SE/30 Forever< Back to home
Last Updated: 18/12/2020
The Macintosh SE/30 was Apple's attempt at offering a compact version of a more capable, expandable Mac. They released the SE in 1987, and while it was expandable, it was limited in its performance without expensive processor or memory upgrades. Until the SE/30 was released, the Macintosh II line of computers, or shelling out for expensive memory upgrades and accelerator cards for your compact Mac, was the only way to get a more powerful Mac.
The SE/30 is based on the Macintosh SE but there are important differences between the machines. The SE/30 combines the modularity of the original SE with the capabilities of the larger and more powerful Macintosh IIx. Although the name implies that the SE/30 borrows many characteristics from the SE, there are several differences between the two models.
The SE/30 was launched at a time when Apple focused primarily on high-end models with equally high prices. There was no Mac available for less than $1,000 before the release of the Macintosh Classic in 1990.
The naming convention is based on the Motorola 68030 processor used in the SE/30. Apple had stuck to a naming convention of adding an 'x' to the model name to denote the inclusion of a 68030, but with the SE this would've resulted in the unfortunate name SEx, so SE/30 was chosen instead. The SE/30 was codenamed Green Jade, Fafnir, and Roadrunner during its development.
As described in Apple's brochure for the SE/30, it was intended for users looking for maximum performance from a compact computer system. It provided four times the performance of the Macintosh SE, in the same formfactor, and could run the same software as the SE. The markets that Apple targeted included higher education, consultants, accountants, business and government. During Apple's preview of the machine, there was also a focus on the higher education market and the concept of the SE/30 as a music workstation. Apple's marketing team put a lot of emphasis on the machine's sound and music capabilities and referred to third party expansion boards containing digital sound processor (DSP) chips.
MacWorld US March 1989 issue. Navigate this issue at archive.org
Apple offered three configurations of the SE/30:
Upgrading from an SE
As with other Mac releases, Apple offered an upgrade path for existing SE users. If you already owned an SE, you could pay Apple to upgrade your logic board to an SE/30 board and upgrade your 800K floppy disk drive to a FDHD drive capable of reading 1.4 Megabyte disks.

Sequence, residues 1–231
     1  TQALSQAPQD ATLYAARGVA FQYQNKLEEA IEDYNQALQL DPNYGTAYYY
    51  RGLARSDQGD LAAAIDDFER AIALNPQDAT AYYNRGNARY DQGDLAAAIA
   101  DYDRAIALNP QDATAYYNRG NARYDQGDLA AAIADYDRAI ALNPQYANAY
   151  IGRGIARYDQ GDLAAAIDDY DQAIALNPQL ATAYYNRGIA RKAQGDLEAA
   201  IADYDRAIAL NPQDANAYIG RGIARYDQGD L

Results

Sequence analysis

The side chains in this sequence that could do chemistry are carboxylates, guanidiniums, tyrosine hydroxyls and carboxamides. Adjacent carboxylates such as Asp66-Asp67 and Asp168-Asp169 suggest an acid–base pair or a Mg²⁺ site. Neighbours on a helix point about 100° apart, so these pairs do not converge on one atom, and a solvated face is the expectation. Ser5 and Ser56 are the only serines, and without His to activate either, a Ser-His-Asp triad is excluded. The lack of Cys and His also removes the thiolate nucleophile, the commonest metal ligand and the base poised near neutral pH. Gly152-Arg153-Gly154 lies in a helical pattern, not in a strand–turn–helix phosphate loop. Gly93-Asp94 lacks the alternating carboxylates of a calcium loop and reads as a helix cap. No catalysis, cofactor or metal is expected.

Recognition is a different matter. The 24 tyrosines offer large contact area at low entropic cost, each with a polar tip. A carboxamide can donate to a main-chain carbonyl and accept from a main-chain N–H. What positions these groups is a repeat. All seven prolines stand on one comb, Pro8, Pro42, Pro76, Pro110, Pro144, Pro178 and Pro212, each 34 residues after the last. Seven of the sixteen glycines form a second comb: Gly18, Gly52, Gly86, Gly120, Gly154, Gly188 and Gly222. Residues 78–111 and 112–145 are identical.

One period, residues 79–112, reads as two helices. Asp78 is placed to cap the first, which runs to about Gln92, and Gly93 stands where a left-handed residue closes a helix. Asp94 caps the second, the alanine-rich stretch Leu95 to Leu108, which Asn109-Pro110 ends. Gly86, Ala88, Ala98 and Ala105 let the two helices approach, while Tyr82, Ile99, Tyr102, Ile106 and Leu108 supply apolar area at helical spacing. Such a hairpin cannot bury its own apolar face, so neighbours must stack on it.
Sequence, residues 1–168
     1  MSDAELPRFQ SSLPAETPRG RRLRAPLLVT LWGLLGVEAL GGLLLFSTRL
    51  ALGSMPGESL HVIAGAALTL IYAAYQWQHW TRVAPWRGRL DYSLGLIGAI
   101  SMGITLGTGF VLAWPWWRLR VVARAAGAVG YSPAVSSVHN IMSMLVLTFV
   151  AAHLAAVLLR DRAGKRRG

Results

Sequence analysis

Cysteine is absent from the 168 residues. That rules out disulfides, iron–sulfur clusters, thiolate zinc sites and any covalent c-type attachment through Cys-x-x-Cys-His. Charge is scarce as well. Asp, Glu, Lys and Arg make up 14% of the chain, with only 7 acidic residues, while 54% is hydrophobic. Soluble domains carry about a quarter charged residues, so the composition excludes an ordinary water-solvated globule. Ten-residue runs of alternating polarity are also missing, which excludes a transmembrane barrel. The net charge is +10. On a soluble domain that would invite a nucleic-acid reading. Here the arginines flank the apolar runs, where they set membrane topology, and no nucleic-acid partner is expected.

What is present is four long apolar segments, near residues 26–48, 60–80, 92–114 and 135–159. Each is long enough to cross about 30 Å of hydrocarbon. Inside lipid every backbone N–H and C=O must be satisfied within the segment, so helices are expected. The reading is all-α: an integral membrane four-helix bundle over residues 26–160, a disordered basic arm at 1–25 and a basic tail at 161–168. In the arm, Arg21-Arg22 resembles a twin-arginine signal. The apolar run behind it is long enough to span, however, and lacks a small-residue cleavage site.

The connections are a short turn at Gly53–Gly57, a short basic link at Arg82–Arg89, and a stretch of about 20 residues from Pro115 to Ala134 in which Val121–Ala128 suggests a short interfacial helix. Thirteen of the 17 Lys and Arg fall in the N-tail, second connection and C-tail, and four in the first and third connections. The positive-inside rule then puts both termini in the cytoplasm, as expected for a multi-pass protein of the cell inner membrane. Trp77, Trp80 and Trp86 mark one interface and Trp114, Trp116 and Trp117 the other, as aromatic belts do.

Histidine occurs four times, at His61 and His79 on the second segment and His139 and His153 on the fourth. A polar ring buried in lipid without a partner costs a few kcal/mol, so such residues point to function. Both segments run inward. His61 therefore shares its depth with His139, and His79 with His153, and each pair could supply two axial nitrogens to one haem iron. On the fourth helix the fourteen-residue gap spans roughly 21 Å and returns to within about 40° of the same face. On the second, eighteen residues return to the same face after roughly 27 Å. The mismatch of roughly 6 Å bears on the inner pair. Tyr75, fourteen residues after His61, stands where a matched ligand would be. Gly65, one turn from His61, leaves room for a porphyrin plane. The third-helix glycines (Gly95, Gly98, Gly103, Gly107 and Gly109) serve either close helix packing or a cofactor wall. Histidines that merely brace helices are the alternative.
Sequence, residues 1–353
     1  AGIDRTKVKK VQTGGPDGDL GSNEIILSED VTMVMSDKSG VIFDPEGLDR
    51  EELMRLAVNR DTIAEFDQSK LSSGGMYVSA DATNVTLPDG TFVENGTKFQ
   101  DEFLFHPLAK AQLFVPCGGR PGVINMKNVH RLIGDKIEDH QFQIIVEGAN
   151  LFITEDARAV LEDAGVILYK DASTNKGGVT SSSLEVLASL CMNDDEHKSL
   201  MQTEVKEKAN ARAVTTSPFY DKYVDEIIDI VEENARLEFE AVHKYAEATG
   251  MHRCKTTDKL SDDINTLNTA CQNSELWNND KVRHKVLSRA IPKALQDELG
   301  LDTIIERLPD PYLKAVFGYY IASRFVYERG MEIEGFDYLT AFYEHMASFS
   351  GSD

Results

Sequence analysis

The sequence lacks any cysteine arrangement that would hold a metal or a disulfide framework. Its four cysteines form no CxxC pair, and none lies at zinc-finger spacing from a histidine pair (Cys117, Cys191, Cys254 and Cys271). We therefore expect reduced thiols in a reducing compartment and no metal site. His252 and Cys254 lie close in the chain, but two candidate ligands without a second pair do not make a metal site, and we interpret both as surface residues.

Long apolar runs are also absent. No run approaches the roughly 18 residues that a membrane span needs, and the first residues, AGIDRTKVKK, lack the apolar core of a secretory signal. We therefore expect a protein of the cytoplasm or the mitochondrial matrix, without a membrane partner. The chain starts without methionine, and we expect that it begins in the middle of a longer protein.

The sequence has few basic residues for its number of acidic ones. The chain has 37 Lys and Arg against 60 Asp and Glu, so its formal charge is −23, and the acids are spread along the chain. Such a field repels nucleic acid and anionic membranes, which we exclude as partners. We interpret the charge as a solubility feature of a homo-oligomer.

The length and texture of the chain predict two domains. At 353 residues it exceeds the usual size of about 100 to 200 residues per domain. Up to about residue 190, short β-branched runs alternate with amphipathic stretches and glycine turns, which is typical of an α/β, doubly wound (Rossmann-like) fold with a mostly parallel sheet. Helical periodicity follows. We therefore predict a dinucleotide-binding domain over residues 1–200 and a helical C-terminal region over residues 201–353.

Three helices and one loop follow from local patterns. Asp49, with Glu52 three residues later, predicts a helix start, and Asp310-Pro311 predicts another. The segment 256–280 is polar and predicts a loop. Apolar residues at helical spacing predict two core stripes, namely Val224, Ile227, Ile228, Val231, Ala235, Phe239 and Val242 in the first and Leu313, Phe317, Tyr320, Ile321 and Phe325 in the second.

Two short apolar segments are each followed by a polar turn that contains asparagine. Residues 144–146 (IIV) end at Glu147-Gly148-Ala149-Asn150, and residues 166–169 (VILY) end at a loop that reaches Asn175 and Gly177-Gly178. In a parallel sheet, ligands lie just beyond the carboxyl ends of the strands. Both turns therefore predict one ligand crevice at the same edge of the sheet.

There was no upgrade path offered for 128K, 512K or Plus owners.
The SE/30 was discontinued on October 21, 1991. The SE/30 was superseded by the Macintosh Classic II on the same date the SE/30 was discontinued, a far less expandable model that could only accept a maximum of 10MB memory, compared to the SE/30 which was capable of a maximum of 128MB. The Classic II did not inherit the SE/30 PDS slot, meaning it can not be expanded in the same way as the SE/30. There isn't really direct evidence for this, but after the SE/30 was discontinued, it
Support was officially discontinued by Apple on September 1, 1998.
The choices Apple engineering made in opting for a 68030 processor and 68882 coprocessor for the SE/30, in addition to the internal expansion slot and 8 RAM slots, meant the SE/30 was prepared for the long term. Although Apple only offered the SE/30 for sale for a relatively short period, from January 1989 to October 1991, this model of Macintosh was used for many years to come by users.
Even today, users are working on modern hacks to keep the SE/30 relevant. In comparison to many Macs of this vintage, the SE/30 does not feel slow, and with adequate memory expansion available (up to 128MB) you can run any software that was designed for it. Some might say that Apple over engineered the SE/30, to the point where it was useful for too long. It was also one of the most reliable compact Macs (recent neglect of many models is starting to taint this reputation, because of age-related wear such as worn out electrolytic capacitors and leaking PRAM batteries), with fewer analog board failures than earlier models.
The characteristics of the SE/30 make it one of the most popular models for collectors. The SE/30 is also one of the most commonly repaired/refurbished models by collectors. By this point, at time of writing in May 2020, working SE/30s are becoming harder to find, being a less common sight than the cheaper models like the Plus and SE. They are also going up in value, with a fully working, restored SE/30 being worth upwards of $500 and a fully working model with original packaging worth in the region of $1,500-3,500.
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